Olympic City USA Facts

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  • Over 10,000 athletes—Olympians, Paralympians and Olympic and Paralympic hopefuls train at the U.S. Olympic and Paralympic Training Center in Colorado Springs each year
  • Colorado Springs is the proud home of the United States Olympic Committee's headquarters
  • 23 Olympic National Governing Bodies of Sport are headquartered here.
  • The Olympic & Paralympic movements employ 2,100 people in Colorado Springs
  • 130,000 people come to tour the U.S. Olympic and Paralympic Training Center in Colorado Springs each year.
  • In 2019, the nation’s only U.S. Olympic and Paralympic Museum & Hall of Fame will open near downtown. The Museum is expected to draw over 350,000 visitors per year.
  • 82 Olympians call Colorado Springs home. There are 265 Olympians living in the state of Colorado
  • Over 10,000 athletes train at the flagship U.S. Olympic and Paralympic Training Center in Colorado Springs each year.
  • The U.S. Men’s Gymnastics Team spent the 2016 lead-up in residence at the U.S. OTC
  • In 2010, sports science experts from the U.S. Olympic and Paralympic Training Center worked with Colorado Springs Firefighters on endurance training. CSFD helped the USOTC demolish unwanted buildings as a training exercise
  • Colorado Springs is home to 160 miles of park trails and 105 miles of urban trails
  • Colorado Springs’ elevation is 6,035 feet, making it an ideal altitude training location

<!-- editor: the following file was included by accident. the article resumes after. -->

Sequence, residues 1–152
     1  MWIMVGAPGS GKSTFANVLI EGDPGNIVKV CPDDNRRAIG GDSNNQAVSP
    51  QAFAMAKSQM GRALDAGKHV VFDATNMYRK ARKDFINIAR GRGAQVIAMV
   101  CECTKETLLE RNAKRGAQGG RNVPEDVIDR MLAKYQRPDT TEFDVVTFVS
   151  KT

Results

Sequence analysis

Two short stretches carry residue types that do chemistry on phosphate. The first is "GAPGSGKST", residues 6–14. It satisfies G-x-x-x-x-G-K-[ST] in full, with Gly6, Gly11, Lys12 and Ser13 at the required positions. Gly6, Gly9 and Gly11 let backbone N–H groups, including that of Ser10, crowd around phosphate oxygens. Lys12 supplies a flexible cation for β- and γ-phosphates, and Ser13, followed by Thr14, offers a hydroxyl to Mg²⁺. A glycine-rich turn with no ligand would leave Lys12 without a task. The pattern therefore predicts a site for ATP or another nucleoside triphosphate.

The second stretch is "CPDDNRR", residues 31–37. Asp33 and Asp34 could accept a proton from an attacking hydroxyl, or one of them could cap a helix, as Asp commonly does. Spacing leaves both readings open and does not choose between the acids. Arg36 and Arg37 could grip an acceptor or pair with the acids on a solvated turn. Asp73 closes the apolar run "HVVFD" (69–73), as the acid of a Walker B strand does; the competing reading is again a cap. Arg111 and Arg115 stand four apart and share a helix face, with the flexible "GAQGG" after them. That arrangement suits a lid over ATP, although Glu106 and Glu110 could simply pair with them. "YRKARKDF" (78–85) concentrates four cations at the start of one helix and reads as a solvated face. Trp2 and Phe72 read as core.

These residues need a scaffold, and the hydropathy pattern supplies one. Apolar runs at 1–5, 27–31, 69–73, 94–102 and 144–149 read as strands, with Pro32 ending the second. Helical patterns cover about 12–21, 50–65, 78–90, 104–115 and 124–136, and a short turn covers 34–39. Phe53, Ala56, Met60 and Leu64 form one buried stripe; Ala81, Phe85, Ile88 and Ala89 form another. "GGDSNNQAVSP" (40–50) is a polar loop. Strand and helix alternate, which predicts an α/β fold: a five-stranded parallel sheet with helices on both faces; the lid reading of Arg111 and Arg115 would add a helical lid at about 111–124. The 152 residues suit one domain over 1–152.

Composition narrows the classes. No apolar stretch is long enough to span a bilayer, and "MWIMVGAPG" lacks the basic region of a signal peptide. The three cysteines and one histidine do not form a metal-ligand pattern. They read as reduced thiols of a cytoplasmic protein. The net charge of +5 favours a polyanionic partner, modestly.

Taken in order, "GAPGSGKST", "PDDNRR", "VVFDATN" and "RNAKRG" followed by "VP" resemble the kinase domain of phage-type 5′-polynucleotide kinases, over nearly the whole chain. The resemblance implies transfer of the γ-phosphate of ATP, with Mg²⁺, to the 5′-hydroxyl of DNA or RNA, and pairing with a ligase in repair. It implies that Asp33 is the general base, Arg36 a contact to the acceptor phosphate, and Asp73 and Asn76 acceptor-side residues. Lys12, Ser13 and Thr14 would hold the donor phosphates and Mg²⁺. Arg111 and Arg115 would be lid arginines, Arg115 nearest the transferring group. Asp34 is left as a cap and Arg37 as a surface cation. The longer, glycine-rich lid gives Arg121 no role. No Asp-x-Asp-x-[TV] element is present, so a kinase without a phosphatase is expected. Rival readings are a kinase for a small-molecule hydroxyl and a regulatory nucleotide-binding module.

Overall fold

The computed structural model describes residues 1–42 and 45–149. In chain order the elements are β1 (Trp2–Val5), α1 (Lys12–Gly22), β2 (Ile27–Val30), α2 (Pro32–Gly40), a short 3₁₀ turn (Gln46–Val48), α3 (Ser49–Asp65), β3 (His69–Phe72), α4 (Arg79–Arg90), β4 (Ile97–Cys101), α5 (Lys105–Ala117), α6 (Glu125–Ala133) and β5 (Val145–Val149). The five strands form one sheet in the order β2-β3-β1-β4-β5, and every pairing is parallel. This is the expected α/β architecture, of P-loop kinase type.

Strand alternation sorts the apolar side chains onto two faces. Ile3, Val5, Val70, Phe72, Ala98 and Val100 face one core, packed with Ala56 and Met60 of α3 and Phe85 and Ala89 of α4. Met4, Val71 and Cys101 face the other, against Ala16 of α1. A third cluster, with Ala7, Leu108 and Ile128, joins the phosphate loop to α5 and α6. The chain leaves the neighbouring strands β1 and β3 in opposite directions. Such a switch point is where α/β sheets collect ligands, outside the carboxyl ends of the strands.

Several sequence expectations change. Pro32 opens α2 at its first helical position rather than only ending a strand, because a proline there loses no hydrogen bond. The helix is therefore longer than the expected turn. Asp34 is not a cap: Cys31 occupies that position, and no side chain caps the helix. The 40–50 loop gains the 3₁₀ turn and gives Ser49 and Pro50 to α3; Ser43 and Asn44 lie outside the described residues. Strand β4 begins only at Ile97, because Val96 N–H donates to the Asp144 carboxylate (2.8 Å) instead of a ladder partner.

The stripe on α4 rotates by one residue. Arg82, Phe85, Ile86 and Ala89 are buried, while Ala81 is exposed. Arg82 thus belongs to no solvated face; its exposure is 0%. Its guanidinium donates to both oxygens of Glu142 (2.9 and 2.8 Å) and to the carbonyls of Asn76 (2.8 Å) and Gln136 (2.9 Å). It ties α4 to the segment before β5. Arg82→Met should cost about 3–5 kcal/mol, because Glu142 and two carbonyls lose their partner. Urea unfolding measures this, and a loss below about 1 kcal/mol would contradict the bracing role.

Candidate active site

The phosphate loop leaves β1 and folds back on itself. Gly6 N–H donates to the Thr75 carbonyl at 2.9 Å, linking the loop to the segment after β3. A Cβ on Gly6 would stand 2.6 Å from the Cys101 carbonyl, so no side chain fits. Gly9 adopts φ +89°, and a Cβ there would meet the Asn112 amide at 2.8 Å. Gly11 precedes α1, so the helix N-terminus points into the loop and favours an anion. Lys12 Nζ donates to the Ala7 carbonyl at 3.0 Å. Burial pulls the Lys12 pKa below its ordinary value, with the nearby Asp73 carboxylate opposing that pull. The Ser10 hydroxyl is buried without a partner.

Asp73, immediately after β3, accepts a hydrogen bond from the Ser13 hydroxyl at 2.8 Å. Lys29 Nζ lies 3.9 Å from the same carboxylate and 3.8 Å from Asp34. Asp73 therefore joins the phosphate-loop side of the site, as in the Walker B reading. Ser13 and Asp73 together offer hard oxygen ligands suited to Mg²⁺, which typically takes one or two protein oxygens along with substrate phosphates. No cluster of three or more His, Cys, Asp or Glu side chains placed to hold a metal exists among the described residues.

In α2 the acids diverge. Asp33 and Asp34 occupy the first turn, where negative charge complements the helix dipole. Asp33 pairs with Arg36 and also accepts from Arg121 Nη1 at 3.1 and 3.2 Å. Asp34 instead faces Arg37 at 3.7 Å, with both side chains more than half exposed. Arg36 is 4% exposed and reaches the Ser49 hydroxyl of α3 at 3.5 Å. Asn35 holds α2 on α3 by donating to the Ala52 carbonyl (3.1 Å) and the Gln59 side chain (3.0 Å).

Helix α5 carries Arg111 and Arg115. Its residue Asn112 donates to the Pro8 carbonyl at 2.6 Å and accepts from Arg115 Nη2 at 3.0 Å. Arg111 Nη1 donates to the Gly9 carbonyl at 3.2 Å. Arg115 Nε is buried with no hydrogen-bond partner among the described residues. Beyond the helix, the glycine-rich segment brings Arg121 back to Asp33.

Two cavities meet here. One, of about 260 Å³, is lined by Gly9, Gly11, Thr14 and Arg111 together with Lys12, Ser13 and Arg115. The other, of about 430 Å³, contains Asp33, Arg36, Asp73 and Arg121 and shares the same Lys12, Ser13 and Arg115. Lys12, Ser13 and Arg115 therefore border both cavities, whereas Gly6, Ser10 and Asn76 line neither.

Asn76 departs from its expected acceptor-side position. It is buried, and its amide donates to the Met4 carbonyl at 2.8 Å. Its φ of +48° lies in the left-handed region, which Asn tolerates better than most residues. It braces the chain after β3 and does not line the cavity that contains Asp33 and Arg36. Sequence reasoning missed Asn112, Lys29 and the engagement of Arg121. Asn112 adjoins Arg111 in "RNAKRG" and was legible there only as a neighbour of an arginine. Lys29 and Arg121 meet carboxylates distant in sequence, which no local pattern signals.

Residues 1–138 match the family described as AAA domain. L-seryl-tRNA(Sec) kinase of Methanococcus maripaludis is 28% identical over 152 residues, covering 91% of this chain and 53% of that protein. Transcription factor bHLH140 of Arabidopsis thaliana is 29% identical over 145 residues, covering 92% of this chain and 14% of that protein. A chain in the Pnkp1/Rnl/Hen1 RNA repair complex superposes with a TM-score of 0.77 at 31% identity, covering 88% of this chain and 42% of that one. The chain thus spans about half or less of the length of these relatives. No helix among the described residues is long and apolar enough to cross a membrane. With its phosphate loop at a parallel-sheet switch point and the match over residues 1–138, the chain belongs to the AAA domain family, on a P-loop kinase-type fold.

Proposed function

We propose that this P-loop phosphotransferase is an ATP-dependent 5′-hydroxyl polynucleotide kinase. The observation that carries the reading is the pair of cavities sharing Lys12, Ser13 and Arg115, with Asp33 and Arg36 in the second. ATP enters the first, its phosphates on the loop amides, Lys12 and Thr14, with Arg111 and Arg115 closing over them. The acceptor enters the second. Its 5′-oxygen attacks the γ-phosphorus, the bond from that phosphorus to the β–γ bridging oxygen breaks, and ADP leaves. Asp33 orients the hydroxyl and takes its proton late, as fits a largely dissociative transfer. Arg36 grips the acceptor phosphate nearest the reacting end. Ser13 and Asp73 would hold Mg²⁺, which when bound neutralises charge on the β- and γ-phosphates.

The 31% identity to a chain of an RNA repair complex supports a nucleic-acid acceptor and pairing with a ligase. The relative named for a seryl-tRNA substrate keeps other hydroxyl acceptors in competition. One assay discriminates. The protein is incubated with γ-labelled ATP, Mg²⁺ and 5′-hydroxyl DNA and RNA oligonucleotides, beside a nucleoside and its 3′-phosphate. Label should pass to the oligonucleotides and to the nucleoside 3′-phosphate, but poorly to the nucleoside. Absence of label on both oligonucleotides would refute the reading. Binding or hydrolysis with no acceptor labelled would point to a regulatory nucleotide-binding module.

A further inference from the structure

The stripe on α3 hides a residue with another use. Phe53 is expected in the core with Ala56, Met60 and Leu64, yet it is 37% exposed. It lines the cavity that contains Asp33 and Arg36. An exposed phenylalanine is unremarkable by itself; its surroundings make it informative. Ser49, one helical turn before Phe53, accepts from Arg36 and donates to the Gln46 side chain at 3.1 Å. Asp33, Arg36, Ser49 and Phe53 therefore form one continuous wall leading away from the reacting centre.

• 626,000 people have climbed the ultra-challenging “Incline” - a local favorite hiking trail composed of an abandoned cog railway track scaling part of Pikes Peak
  • Colorado Springs boasts 9,000 acres of parkland, used regularly by training athletes.
  • Colorado Springs is the second-largest city in Colorado population-wise, and the largest geographically.

Civic Partners

Nine currently-serving Colorado Springs Police Officers trained at the U.S. Olympic and Paralympic Training Center in a variety of sports. Tactical Enforcement Officer Adam Wheeler won a bronze medal in Greco-Roman wrestling at the 2008 Olympics in Beijing. Officer Clifton Sunada was a 1996 Olympian and won a silver medal in Judo at the 1991 PanAmerican Games. His brother, Officer Clayton Sunada, also trained in Judo.

Officers Chris Burns & Deidra Worley are School Resource Officers for CSPD – both trained at the U.S. OTC in Judo before working with local youth in Colorado Springs. Three members of the CSPD – an officer, a sergeant and a lieutenant, trained in International Shooting at the USOTC before joining the police force. CSPD Officer Steve Pugsley has twice escorted the Olympic torch He has also done this with the PanAm Games and is waiting to see if he is selected this year to be part of the security team for the Rio Torch Relay.